8.
Outside of its interrogation function, each of the PICs also has a collation section into which interrogation reports are deposited along with intelligence reports from other Vietnamese intelligence organs. Biographic cards are filed alphabetically by hamlet, village, district and province as are reports broken down by specific topics such as “VC Taxation,” “VC Security Apparatus,” etc. The biographic material is readily retrievable for the preparation of “black lists” of identified VC to support military and pacification operations. The cards are cross-indexed to individual biographic interrogation reports giving additional details.
9.
Agent Penetration Operations: In conjunction with both the Police Special Branch (PSB) and the Field Operations element of the Central Intelligence Organization (CIO), our Station runs joint agent penetrations of the Viet Cong apparatus. These operations, directed against the People’s Revolutionary Party and the National Liberation Front, involve agents located, for the most part, in village and district Viet Cong committees. These operations produce a substantial amount of information useful tactically by military elements, and also produce a large volume of intelligence on Communist cadre, information on political and economic activities, etc. An average of 1,000–1,200 reports are produced and disseminated monthly as a result of these operations.
10.
Province Reconnaissance Units (PRU): PRU teams, whose primary functions are to gather intelligence on and conduct special operations against the VC organization, are currently operating in 28 provinces under the direct cognizance of the Province Chiefs. The PRUs operate mainly in contested areas and in VC-controlled areas (usually at night) against identified Communist officials. In areas where heavy military action is underway, the teams are frequently used for military reconnaissance purposes. In the six months ending 30 April 1967, the PRUs conducted [Page 646]1,658 operations, from which 2,340 reports were produced. A total of 814 VC captured in these operations provided substantial information on the VC organization, from hamlet to province level.
11.
Inter-Agency and Combined Intelligence Activities: In addition to the above programs, we are engaged in a series of other activities against the Communist organization which are undertaken on a combined and/or joint basis with MACV and the GVN:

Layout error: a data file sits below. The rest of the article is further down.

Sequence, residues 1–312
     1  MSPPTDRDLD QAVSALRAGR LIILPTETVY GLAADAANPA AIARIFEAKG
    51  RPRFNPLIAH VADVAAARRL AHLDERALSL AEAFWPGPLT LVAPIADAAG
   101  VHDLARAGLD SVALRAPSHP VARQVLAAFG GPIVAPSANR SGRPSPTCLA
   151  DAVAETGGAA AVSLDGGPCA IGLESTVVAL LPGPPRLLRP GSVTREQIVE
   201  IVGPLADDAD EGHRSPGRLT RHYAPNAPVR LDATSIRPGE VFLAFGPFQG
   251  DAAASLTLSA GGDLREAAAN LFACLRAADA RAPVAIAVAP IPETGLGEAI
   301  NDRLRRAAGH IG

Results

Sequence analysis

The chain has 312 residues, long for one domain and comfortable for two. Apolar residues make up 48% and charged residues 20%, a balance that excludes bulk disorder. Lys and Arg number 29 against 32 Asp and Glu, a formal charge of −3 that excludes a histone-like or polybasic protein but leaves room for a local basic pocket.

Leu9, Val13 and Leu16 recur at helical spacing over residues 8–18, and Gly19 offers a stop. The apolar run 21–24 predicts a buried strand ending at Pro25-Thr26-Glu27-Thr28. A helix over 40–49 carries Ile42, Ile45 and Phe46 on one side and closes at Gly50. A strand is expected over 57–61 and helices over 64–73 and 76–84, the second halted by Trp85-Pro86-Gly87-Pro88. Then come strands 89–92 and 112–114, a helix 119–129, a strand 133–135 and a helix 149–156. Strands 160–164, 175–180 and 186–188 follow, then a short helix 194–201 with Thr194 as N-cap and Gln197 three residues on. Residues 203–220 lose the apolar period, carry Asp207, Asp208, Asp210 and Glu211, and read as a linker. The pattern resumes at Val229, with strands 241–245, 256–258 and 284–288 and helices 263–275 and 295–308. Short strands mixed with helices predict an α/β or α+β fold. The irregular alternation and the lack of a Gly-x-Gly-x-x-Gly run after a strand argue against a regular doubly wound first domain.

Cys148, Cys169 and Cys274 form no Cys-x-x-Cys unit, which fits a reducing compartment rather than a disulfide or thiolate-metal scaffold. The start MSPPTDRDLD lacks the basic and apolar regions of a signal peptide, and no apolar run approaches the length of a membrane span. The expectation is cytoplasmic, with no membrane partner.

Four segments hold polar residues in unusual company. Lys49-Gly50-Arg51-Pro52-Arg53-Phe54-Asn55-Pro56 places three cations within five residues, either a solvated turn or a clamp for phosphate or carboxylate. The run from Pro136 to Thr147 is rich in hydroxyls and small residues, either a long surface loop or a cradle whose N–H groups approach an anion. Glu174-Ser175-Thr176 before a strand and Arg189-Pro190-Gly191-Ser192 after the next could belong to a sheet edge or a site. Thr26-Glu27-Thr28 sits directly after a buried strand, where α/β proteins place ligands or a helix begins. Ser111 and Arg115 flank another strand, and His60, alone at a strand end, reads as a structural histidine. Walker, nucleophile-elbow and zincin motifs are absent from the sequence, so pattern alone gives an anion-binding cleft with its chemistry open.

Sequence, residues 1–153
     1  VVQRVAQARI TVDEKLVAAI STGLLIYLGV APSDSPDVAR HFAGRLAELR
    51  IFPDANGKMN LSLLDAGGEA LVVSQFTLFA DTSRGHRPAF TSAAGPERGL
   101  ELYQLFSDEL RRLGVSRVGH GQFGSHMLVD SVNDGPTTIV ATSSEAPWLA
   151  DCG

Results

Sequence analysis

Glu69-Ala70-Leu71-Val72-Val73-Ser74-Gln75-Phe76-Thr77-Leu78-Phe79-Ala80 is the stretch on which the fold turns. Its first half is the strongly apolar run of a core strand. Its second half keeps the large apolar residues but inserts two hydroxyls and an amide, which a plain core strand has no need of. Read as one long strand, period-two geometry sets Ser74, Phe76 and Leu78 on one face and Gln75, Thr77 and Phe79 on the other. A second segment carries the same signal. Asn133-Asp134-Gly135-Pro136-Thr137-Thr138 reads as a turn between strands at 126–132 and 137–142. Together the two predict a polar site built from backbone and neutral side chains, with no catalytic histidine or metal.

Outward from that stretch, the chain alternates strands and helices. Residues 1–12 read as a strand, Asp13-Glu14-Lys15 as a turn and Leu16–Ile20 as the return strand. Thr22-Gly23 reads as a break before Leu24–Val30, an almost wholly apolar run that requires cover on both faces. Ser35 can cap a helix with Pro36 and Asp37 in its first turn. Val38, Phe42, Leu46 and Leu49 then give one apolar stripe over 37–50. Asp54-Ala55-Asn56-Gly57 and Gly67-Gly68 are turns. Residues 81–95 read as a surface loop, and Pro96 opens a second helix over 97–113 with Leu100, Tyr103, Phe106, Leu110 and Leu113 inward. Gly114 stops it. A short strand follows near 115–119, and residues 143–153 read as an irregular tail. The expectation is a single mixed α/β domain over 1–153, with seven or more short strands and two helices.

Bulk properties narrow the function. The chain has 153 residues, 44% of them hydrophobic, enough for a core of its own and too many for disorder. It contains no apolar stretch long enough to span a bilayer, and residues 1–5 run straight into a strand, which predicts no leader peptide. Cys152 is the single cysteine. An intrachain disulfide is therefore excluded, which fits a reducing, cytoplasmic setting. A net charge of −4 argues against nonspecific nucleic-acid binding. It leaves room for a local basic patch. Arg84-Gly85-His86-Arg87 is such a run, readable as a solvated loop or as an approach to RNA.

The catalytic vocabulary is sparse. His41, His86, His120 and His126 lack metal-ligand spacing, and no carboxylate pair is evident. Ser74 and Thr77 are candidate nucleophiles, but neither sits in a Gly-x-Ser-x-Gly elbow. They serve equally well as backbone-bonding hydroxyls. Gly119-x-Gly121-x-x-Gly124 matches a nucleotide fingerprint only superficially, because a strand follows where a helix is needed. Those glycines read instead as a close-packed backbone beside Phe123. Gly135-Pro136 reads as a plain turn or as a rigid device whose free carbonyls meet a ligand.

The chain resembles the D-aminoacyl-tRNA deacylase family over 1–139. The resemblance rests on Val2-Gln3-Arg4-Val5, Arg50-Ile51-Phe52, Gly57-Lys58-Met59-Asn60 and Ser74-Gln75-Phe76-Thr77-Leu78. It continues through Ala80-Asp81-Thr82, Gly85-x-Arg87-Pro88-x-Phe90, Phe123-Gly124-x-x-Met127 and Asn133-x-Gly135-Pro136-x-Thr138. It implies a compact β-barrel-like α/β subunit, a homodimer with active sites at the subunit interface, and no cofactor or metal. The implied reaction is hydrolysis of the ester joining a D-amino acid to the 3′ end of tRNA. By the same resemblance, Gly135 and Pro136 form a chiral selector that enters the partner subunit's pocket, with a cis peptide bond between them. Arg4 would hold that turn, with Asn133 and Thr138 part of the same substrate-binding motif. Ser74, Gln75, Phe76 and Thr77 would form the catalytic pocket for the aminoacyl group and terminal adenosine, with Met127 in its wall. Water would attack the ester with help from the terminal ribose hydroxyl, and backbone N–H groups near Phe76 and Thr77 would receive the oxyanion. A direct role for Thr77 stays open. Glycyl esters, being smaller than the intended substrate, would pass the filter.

a.
District Operations Intelligence Coordination Centers (DOICC): During the latter part of 1966, our Station undertook the creation of district coordination centers, and established several prototypes in I Corps. These centers, established with the cooperation and support of the US Marine units in the area, include participation of all Vietnamese intelligence collection agencies operating locally. The purpose of the centers is to break down the mutual jealousies and poor coordination practices of the Vietnamese agencies, to function as information clearing houses and collation centers, and to eliminate delays in dissemination of information. This concept has proven successful and is now being applied in many districts throughout Vietnam.
b.
Combined MR IV Task Force: This organization was established in December 1966 to provide an intelligence collation and coordination center for the VC Military Region IV (Saigon, Cholon, Gia Dinh, and immediate environs). It is staffed by Vietnamese, MACV, and CIA personnel and data collected is incorporated in the MACV machine records repository for prompt retrieval. We understand that this concept is being expanded into II Corps.
c.
Screening Operations: In conjunction with the Vietnamese Police Special Branch, our Station organizes support for combat units in screening detainees and refugees, mainly in the various cordon and search type operations. Mobile screening centers have been created to facilitate this support. Police Special Branch develops suspect lists from information from all of the foregoing programs, and provides interrogation and check-point support for military units. These techniques have succeeded in identifying numerous Viet Cong detained in the course of operations, and have the effect of denying the VC the ability to hide among the population.
d.
Infrastructure Intelligence Coordination and Exploitation Structure (ICEX): This new staff structure is designed to bring all the foregoing programs, as well as a number of MACV programs, under the operational control of Deputy to COMUSMACV for CORDS (Ambassador Komer) and into an integrated and sharply-focused attack on the VC organization. ICEX coordinators (CIA Regional Officers) have been appointed to the staffs of Senior Corps Advisors, and to the staffs of Sector Advisors (CIA or MACV officers), in order to achieve unified line of command and a sharp stimulation of anti-infrastructure operations.
12.
Conclusion: In short, though much remains to be done, there are programs already in operation directed against the hamlet and population-mass level Communist target in addition to existing or newly developed programs directed against the formal organizational structure whose lowest command unit is the village committee.
GW Allen2
  1. Source: Washington National Records Center, RG 330, OSD Files: FRC 72 A 2468, Vietnam 380 Pacification (Jul-) 1967. Secret. A stamped notation, dated August 19, indicates that McNamara saw the memorandum.
  2. George Allen signed for George Carver above Carver’s typed signature.